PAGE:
You know that thing you’ve always thought you’d be good at? You know, that thing tucked right at the back of your mind, and never fully faced, because you never truly believed that you could do it. Well, isn’t it about time that you dusted off the cobwebs and brought it to light?
Perhaps you recognise yourself as being a realist, aka, someone that dislikes frittering away their energy on childish fantasies and ideas and prefers taking more of a practical route. A route that guarantees security. In many ways I see myself as one of these people. Though it doesn’t necessarily reflect who I am. I would say it has been more of a reflection of what I believe. That if I’m going to be successful, then I’m going to have to take the conventional route, the route that society as a mass guides me to take. I went to University and studied a subject that I have always loved, English Literature, though who is to say that I couldn’t have become just as educated in this subject from independent learning?
There’s no doubt that, with the many deadlines and challenging assessment criteria, my written communication skills have been enhanced significantly, though, weren’t my written skills already competent enough, having achieved an A grade in A level English Literature? Although I’m a big advocate for education, I cannot say that I can completely justify a system that demands you spend 40k on a course, just to get your foot on the ladder. The way my 18 year-old self saw it, was that if I was going to study anything at University, it had to be something my heart was in.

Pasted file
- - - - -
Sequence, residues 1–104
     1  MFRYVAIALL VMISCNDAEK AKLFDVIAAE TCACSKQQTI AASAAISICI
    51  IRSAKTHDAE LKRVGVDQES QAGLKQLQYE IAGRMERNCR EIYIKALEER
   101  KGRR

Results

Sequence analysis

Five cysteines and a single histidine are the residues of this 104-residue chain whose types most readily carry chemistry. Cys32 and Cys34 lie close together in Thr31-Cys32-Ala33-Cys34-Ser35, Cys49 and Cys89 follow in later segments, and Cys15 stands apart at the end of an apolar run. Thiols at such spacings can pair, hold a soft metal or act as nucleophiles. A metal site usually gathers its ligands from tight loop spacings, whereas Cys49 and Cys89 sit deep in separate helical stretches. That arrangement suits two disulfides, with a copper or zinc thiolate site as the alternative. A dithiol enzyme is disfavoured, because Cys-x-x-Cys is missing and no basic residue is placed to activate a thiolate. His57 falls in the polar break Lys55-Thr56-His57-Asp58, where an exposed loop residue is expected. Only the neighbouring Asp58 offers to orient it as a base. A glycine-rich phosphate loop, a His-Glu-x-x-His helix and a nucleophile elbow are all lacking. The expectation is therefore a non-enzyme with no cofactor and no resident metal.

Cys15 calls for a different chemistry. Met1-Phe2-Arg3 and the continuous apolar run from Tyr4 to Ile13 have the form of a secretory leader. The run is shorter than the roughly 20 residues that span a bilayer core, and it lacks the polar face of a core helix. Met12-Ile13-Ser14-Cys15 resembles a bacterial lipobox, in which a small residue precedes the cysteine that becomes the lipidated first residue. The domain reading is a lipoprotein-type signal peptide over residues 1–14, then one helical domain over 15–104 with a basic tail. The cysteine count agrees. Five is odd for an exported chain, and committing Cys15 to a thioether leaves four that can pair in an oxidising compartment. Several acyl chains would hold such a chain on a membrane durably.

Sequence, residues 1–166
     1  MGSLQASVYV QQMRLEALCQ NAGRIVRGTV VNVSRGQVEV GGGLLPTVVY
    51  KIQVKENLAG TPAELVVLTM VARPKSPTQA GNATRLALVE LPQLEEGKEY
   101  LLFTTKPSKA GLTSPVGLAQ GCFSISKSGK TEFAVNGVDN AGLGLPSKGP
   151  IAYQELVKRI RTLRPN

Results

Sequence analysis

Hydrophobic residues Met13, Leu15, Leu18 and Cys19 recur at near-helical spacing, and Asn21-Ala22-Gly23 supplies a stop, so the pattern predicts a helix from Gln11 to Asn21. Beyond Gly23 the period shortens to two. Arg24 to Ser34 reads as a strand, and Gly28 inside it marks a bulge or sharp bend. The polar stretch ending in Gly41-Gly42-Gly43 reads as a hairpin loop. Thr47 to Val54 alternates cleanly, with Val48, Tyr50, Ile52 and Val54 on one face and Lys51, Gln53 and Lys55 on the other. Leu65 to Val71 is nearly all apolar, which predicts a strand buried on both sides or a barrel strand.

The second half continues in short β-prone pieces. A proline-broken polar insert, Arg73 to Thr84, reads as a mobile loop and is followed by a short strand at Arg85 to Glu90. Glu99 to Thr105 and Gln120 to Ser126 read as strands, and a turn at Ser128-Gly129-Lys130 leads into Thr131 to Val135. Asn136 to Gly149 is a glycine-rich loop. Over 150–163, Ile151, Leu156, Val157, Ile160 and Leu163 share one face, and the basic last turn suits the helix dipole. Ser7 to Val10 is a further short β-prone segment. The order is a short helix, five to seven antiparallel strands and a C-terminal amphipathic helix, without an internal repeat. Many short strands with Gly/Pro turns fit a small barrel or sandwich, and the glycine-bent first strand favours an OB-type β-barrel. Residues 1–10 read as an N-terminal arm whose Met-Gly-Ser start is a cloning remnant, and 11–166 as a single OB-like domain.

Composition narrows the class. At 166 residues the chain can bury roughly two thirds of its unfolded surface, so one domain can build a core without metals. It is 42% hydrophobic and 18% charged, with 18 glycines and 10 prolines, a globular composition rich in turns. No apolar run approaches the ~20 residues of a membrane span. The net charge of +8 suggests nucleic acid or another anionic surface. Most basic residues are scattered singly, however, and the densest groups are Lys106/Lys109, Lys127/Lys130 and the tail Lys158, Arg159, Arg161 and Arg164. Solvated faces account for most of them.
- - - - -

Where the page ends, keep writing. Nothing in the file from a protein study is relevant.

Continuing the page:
If it wasn’t a labour of love, then it wasn’t worth it.
So, my degree was just that, a labour of love, and I have no regrets whatsoever. However, if there’s one thing that I could change, was the steps I took straight out of University. Still running on adrenalin from the rush of third year, I launched myself into the first role I was offered.
Effective decision-making is integral throughout your career. Whether this is in accepting a new position, coming up with a business idea or making an investment, you need to be clued-up before taking the leap.
Oh the 9-5.
There’s nothing wrong with it. But find yourself a workplace that will respect and care for your well-being, and that’s not solely concerned with squeezing you like a lemon. You want to be challenged, but not to the point where it drains you of all your energy which you could be spending on other things, including your hobbies and personal ambitions.
Pursuing a role that aligns with your passions involves finding a role wherein you can exercise your skills, but not to the point that it makes you feel inhibited to pursue the big passions in your life.
Trust your gut.
If the position you’re in is draining you of your emotional and spiritual strength, look for another. Your health (and your time), is your wealth, and if you’re not spending it on something that is supporting it, nor bringing meaning into your life, then it isn’t worth it.